ITM Power is undoubtedly in the right place at the right time.
Thanks to its focus on the “most promising” markets – mobility and power-to-gas, the integrated hydrogen energy solutions manufacturer has grown considerably over the last 12 months, with its tender opportunity pipeline currently standing at a record £330m ($416.2m).
This has been helped by the accelerating interest in hydrogen as a clean alternative to gasoline cars and lithium-ion batteries.
Hydrogen is currently enjoying unprecedented political and business momentum and is receiving strong support from governments and businesses around the world, with the number of policies and projects expanding rapidly.
It took centre stage at the G20 summit in Japan last month when the International Energy Agency (IEA) launched a report explaining how hydrogen can help to tackle various critical energy challenges, including helping to store the variable output from renewables like solar PV and wind to better match demand.
Titled The Future of Hydrogen: Seizing Today’s Opportunities, the report also says hydrogen offers ways to decarbonise a range of sectors, can help to improve air quality and strengthen energy security.
“The whole world has woken up to the fact that we need to decarbonise not only electricity, but particularly transport and heat,” ITM Power’s CEO Dr. Graham Cooley (right) tells gasworld in an exclusive interview.
“This is not a fool’s storm, this is the real thing, and now you don’t have large energy players resisting this resolution, you have them completely endorsing it. It’s a very exciting time for hydrogen.”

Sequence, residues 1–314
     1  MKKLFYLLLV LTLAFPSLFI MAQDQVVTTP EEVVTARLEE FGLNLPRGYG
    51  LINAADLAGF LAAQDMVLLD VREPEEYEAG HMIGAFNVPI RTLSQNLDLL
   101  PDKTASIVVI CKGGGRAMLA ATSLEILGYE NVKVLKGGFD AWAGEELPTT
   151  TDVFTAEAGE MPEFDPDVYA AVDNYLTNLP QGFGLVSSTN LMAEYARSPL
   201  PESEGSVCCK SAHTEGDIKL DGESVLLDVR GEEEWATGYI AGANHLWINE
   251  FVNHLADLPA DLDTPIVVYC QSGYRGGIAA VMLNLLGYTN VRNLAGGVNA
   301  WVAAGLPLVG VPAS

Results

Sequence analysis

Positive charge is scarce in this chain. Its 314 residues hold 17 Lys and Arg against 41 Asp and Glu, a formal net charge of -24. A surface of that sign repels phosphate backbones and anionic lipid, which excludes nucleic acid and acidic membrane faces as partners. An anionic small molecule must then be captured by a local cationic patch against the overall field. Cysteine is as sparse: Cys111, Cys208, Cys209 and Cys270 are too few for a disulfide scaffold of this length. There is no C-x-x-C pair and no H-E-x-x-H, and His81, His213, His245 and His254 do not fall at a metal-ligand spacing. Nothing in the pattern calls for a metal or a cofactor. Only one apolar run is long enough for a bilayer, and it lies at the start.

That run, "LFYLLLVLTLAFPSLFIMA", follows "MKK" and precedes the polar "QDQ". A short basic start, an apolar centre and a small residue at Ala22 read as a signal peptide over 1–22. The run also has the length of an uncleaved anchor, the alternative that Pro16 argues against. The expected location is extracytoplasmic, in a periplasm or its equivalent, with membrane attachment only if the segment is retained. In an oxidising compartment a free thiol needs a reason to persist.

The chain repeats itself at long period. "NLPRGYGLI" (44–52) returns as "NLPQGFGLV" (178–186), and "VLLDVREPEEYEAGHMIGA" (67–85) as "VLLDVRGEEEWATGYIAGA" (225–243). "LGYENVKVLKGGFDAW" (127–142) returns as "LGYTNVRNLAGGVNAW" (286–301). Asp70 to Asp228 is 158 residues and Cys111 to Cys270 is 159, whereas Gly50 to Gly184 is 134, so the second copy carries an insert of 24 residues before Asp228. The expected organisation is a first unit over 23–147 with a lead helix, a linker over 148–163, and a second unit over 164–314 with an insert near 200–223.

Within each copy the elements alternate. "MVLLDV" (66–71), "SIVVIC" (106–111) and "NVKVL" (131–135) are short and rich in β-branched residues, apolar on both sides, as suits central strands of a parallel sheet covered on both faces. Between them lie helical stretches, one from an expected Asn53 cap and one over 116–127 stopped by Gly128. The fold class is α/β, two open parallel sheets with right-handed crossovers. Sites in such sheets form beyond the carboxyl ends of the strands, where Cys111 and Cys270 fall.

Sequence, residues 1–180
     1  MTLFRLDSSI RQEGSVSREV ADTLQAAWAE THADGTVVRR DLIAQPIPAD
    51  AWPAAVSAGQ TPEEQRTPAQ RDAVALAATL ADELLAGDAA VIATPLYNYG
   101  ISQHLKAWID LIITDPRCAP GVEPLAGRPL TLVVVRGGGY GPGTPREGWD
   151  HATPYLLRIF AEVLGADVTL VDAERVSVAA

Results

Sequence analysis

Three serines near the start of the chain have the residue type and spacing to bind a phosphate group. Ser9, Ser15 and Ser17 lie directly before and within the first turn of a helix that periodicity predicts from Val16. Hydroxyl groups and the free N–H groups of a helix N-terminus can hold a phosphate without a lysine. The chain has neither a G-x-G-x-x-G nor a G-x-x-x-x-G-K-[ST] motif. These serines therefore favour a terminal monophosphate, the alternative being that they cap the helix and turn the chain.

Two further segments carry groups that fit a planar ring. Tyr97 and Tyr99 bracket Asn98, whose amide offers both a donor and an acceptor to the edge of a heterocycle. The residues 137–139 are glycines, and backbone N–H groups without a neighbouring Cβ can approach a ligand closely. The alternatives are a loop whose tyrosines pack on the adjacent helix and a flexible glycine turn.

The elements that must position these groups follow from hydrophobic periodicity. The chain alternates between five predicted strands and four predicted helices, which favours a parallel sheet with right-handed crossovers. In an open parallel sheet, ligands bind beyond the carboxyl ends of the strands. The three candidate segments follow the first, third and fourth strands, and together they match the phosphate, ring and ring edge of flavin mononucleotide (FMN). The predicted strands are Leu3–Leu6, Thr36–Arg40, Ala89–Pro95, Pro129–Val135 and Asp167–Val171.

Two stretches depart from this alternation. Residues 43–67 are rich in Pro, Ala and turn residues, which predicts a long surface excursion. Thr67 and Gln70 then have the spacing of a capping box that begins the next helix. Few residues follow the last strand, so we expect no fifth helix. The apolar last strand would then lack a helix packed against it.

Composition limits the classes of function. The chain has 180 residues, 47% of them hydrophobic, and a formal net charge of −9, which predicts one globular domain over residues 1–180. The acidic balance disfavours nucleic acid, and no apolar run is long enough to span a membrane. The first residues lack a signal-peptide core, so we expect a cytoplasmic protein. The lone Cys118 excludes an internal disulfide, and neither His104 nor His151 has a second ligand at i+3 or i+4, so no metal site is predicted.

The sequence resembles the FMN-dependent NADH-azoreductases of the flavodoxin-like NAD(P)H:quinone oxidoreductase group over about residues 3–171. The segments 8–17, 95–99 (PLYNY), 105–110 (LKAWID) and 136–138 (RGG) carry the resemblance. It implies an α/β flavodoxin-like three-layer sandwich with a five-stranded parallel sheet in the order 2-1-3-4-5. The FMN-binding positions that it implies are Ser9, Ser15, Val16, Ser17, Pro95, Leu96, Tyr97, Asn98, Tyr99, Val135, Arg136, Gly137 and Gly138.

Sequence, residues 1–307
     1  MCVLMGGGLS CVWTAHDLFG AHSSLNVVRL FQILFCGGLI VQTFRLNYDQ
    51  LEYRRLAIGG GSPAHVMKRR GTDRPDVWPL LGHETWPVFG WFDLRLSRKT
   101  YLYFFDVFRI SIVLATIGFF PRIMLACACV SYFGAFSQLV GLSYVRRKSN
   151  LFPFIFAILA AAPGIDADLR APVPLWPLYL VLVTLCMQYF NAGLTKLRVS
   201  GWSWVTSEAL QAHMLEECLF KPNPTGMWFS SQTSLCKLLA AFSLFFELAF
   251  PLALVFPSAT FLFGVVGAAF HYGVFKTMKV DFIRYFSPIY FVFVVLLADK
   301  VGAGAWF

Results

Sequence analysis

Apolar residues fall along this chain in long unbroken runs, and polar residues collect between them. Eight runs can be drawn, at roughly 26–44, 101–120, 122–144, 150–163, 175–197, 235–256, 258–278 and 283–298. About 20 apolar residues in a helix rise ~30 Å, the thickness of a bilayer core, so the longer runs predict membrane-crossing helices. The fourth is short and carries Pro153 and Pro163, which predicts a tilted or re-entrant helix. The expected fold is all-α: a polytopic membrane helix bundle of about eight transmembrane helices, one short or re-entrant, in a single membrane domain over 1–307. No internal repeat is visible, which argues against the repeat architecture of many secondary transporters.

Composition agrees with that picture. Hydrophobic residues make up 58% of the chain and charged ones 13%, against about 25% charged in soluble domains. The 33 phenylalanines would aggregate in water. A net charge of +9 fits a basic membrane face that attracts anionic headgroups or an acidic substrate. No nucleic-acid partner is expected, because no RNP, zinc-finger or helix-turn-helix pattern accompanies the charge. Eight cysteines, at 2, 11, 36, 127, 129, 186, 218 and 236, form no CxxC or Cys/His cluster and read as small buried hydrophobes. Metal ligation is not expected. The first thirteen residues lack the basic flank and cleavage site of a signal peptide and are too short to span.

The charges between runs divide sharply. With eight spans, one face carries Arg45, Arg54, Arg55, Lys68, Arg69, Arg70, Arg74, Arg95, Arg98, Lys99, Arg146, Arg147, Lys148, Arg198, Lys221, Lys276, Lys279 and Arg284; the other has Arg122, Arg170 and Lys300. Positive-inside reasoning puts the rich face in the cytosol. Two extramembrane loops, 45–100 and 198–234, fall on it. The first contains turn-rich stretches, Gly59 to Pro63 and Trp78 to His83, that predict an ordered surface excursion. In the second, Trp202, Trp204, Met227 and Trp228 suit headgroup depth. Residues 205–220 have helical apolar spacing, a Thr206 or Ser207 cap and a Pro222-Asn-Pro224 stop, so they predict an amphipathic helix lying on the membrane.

“I think ITM Power is in such rapid growth partly to do with having the right products at the right time, but it’s also to do with this shift in thinking from major energy companies who now see hydrogen as a key component in decarbonising the whole of energy.”
But why is the adoption of hydrogen gaining such strong international industrial momentum all over the world?
“It comes down to energy storage,” Cooley explains. “If you want to get to a net zero future, you need electrolysis and the production of green hydrogen.”
“In the UK, the Committee on Climate Change (CCC) recently predicted the country will need between six gigawatts (GW) and 17GW of electrolyser capacity by 2050.”
“That’s a huge amount of equipment and a build rate over the next 30 years of 500 megawatts (MW) a year.”
“Why are they predicting that demand? Well its very, very difficult to store electrons and it’s very, very easy to store molecules.”
“If you want massive scale, long duration energy storage, you turn the electrons into molecules.”
“That means you use rapid response electrolysis – you split water and you store hydrogen. Either you use it directly for industrial processes or you put it straight in the gas grid.”
“What that allows you to do is it to store renewable power in massive volume for very long periods of time.”
“This is the thing that everybody has been searching for in the area of renewable power because the wind isn’t always blowing, and the sun isn’t always shining.”